As many as 400 people came out for the second-line procession — a boisterous New Orleans tradition — though only half that many were in the immediate vicinity of the shooting, Police Superintendent Ronal Serpas said. Officers were interspersed with the marchers, which is routine for such events.
Second-line parades are loose processions in which people dance down the street, often following behind a brass band. They can be planned events or impromptu offshoots of other celebrations. They trace their origins to the city’s famous jazz funerals.
Outside the hospital Sunday night, Leonard Temple became teary as he talked about a friend who was in surgery after being shot three times during the parade. Temple was told the man was hit while trying to push his own daughter out of the way.
“People were just hanging out. We were just chilling. And this happened. Bad things always happen to good people,” said Temple, who was at the parade but didn’t see the shootings.
A social club called The Original Big 7 organized Sunday’s event. The group was founded in 1996 at the Saint Bernard housing projects, according to its MySpace page.
The neighborhood where the shooting happened is a mix of low-income and middle-class row houses, some boarded up. As of last year, the 7th Ward’s population was about 60 percent of its pre-Hurricane Katrina level.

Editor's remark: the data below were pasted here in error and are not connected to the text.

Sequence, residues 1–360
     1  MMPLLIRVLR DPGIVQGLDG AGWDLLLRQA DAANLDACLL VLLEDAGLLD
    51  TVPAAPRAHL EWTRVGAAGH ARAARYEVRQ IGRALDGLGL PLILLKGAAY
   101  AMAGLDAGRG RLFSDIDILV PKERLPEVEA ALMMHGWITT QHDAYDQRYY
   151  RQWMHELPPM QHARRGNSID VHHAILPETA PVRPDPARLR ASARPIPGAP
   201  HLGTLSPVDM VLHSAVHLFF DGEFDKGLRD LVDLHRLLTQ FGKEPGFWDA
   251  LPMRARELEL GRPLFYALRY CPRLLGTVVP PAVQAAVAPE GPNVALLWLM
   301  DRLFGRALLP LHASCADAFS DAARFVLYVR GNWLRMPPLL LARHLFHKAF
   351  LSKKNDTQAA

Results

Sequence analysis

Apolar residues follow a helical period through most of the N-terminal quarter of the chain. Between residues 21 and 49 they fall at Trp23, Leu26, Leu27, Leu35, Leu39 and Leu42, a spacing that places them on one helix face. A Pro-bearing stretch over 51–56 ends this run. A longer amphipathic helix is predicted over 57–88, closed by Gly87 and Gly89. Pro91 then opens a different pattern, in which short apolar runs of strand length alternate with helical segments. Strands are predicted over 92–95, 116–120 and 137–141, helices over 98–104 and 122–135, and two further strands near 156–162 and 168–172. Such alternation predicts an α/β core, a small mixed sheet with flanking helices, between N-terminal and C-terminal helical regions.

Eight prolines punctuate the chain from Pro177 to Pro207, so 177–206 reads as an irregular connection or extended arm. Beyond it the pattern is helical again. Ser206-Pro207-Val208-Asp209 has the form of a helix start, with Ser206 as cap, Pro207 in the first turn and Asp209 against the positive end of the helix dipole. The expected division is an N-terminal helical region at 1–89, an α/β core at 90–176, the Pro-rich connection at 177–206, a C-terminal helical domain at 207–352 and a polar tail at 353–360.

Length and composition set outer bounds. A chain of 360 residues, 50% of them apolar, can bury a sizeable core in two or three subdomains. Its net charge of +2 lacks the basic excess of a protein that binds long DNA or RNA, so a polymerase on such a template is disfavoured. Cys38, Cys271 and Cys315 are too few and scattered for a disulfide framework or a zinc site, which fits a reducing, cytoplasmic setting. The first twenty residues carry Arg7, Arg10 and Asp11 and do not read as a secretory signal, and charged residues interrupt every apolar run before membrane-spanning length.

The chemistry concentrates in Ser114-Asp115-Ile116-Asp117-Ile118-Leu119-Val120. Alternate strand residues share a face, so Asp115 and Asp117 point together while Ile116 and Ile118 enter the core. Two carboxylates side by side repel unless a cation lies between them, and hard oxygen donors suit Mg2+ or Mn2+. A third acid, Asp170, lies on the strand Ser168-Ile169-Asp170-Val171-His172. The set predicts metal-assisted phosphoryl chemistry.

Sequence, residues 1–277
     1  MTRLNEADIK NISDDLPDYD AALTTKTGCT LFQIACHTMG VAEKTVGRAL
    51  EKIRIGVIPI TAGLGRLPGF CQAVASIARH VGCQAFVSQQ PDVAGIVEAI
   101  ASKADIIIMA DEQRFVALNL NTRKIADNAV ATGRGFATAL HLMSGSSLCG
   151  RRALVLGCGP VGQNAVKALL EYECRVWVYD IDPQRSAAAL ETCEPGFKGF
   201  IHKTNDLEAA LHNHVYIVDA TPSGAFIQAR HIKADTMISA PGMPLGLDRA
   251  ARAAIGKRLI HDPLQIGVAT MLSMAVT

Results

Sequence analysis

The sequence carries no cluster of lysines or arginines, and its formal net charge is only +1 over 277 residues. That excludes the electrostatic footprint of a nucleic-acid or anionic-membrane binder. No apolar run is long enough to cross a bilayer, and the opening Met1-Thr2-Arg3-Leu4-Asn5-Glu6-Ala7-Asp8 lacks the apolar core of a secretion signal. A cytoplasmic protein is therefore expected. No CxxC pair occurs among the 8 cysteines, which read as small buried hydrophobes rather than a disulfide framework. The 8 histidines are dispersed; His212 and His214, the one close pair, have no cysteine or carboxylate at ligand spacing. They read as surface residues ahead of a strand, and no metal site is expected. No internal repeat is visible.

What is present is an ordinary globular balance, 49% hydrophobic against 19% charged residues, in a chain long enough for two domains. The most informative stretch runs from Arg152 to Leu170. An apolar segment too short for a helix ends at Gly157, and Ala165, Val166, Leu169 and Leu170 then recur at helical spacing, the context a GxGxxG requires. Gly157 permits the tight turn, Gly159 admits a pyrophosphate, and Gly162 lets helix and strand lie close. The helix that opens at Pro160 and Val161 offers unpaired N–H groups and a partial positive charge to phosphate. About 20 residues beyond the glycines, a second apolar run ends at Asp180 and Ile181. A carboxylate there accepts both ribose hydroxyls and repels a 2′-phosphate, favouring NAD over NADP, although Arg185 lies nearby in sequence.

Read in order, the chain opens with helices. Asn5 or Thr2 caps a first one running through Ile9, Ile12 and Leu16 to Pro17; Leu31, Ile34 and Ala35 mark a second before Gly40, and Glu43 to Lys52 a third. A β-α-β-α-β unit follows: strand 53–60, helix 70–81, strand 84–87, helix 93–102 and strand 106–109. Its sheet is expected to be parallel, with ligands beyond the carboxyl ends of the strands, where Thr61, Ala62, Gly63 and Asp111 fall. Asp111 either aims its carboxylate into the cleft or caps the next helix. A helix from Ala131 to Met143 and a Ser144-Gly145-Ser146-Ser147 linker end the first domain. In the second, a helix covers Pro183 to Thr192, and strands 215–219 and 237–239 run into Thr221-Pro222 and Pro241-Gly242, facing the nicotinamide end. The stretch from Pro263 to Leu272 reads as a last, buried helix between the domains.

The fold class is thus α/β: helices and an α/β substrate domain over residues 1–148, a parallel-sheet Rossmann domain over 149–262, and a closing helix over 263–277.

The crime scene was about 1.5 miles (2.41 kilometers) from the heart of the French Quarter and near the Treme neighborhood, which has been the centerpiece for the HBO TV series “Treme.”
Sunday’s violence comes at a time when the city is struggling to pay for tens of millions of dollars required under federal consent decrees to reform the police department and the city jail. The agreement to reform the police department came after a scathing Justice Department report in 2011 said the city’s officers have often used deadly force without justification, made unconstitutional arrests and engaged in racial profiling. A series of criminal investigations focused on a string of police shootings in the aftermath of Hurricane Katrina in 2005.
The mayor initially backed the police reform but is trying to put the brakes on the plans, saying the city can’t afford to spend millions required under the two agreements.
Shootings at parades and neighborhood celebrations have become more common in recent years as the city has struggled with street crime, sometimes gang-related.
But police vowed to solve Sunday’s shooting. Serpas said it wasn’t clear if particular people in the second line were targeted, or if the shots were fired at random.
“We’ll get them. We have good resources in this neighborhood,” Serpas said.